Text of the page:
Defining “home” is no simple task, with its seemingly transient fabric in the modern age that leaves many of us with a deep-rooted yearning for belonging. I was raised in Dubai to Syrian-Lebanese ex-pats who later immigrated to the US in support of a more secure and thriving future for my sister and I.
Trail Sisters Journal
I live in Ohio, and while we have a good network of trails here, they are relatively flat and smooth. I can train on a few hills that we have in the area. Those hills might be steep, but not nearly long or technical enough. Besides that, winter in Ohio is cold and often icy.
Distance running has been my source of self-confidence and strength since age 12. It’s something for which I’ve been recognized; it’s made me feel good within my body, and through quirks of fate running has afforded me many wonderful life experiences that I’ll always cherish. It’s also helped me be a much more pleasant person than perhaps otherwise (most of the time).
Winter is raging on as I add the finishing touches to this review. I’m not just saying that to set the mood for a conversation about snow-worthy gear either. From my desk I can see swirling snow and my phone keeps reminding me we’re in the midst of a winter storm warning.
Checking my map and my compass, I quickly assess my route options. I can either gain quite a bit of elevation to get to a clean trail that will take me to the cluster of thick bushes I have to find, or I can go down just a bit, through a forest, cross a stream and climb just slightly up through a clearing to the bushes.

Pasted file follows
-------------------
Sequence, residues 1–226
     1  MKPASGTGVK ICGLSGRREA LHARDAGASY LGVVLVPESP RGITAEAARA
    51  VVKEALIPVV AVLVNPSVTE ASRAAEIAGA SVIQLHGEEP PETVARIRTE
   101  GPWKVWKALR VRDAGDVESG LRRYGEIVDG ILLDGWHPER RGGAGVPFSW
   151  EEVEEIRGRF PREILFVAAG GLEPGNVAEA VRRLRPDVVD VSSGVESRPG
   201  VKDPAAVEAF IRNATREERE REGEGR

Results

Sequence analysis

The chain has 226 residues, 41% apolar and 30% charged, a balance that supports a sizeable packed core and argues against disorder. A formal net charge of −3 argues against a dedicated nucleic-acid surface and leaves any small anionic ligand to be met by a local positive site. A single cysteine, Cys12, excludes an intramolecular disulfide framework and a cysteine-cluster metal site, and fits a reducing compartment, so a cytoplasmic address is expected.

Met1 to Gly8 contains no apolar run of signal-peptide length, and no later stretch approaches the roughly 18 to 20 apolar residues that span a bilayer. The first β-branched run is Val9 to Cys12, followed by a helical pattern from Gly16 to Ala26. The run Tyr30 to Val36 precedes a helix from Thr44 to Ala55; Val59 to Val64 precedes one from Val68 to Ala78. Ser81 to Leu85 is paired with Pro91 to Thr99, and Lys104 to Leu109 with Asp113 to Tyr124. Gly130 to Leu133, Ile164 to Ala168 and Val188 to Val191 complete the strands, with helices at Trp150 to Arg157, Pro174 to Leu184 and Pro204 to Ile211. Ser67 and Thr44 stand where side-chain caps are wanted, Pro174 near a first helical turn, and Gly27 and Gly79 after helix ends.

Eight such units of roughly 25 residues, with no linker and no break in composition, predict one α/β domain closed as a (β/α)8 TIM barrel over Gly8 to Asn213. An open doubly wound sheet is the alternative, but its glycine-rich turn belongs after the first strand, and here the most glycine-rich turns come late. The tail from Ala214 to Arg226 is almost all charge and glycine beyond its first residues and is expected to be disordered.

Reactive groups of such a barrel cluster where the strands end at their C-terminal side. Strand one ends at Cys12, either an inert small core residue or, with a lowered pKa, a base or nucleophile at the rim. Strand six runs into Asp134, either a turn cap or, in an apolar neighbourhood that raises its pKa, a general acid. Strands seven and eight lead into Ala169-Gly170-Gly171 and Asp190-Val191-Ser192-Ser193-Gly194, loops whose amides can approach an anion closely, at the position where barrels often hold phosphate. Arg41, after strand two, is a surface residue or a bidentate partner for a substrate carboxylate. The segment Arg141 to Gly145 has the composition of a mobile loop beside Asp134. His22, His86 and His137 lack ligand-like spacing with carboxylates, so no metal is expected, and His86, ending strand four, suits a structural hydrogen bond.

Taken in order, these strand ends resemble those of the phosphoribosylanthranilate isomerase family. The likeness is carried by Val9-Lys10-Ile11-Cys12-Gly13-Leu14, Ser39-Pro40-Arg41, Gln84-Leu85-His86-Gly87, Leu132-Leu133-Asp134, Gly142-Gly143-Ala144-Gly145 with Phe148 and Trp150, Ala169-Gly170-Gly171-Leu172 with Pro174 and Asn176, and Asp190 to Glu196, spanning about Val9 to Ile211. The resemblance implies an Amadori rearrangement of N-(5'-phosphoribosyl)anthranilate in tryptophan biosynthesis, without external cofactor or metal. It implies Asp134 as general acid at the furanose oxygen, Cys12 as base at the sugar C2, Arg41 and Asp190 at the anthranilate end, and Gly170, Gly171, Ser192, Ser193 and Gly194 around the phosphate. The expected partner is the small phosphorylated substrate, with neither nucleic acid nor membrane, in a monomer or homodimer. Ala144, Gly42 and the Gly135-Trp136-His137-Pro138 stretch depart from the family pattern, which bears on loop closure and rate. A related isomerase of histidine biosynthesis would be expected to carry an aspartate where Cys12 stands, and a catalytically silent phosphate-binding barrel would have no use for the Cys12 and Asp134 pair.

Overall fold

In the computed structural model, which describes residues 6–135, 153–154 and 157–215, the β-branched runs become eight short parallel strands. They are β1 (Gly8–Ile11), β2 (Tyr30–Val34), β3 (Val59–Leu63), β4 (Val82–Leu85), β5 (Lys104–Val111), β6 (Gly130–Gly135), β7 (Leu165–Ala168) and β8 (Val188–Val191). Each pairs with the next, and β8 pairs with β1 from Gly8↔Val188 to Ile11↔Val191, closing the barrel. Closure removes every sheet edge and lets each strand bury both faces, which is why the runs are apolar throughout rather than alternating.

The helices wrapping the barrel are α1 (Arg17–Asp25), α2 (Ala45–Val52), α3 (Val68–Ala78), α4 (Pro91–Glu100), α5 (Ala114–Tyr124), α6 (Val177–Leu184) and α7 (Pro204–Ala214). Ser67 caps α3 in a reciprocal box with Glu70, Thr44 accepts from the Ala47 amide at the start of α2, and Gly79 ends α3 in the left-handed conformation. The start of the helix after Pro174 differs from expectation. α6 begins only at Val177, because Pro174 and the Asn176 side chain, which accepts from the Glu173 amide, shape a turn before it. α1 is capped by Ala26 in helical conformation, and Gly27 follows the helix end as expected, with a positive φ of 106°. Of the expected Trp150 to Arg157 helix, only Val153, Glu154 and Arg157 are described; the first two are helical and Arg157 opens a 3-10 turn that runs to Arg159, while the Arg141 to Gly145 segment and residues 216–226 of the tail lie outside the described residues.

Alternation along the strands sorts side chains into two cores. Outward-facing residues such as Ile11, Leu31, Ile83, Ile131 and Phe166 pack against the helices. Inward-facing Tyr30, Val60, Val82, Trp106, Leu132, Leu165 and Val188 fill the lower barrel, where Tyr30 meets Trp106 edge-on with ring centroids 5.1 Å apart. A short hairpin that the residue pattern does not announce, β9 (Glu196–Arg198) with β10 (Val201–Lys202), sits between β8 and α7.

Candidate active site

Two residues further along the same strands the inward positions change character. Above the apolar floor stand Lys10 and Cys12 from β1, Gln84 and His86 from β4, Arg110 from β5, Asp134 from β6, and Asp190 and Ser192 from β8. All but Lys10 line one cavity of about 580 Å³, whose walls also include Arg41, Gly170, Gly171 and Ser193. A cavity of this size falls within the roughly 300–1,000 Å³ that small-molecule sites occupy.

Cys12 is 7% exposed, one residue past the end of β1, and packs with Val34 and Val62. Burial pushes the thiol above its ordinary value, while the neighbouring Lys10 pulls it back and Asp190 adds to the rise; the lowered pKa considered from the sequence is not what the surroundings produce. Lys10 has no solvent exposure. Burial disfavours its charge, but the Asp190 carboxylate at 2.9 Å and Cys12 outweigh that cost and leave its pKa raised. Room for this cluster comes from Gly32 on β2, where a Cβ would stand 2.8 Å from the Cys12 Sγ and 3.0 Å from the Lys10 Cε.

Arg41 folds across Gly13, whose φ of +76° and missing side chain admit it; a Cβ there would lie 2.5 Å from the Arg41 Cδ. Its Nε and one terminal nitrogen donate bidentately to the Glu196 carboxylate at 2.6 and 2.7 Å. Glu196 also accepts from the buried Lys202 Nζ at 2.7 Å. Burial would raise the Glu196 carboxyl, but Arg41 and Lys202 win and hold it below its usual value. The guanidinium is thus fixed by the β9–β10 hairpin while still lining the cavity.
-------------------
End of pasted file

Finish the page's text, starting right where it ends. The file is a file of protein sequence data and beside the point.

I’m on the Hi-line trail, an oasis high up in the middle of the mountain, surrounded by red rock. I had just hiked through a wonderland, someplace you would find only in your imagination, a magical place.
I was a hiker long before I was a runner. I discovered hiking in college when I became friends with a fellow student who I randomly sat next to in a freshman botany class. She had a car and grew up camping. I was a shy Greek and philosophy major testing the waters of a new subject matter.
The reason so many thru-hikers think they can run a marathon right after hiking 2,000 miles is because of a very straightforward logic: running and walking use the same muscles and cardiovascular system. As a thru-hiker, ultrarunner, and personal trainer I have some insight into this transition from hiking to running (and vice versa) and how to do so without injury.
In an effort to create a more complete and sound outdoor community Trail Sisters will be including hiking and backpacking in our future coverage!
We want women to feel included and encouraged to play on the trails, no matter their pace or mode of foot-to-dirt powered activity.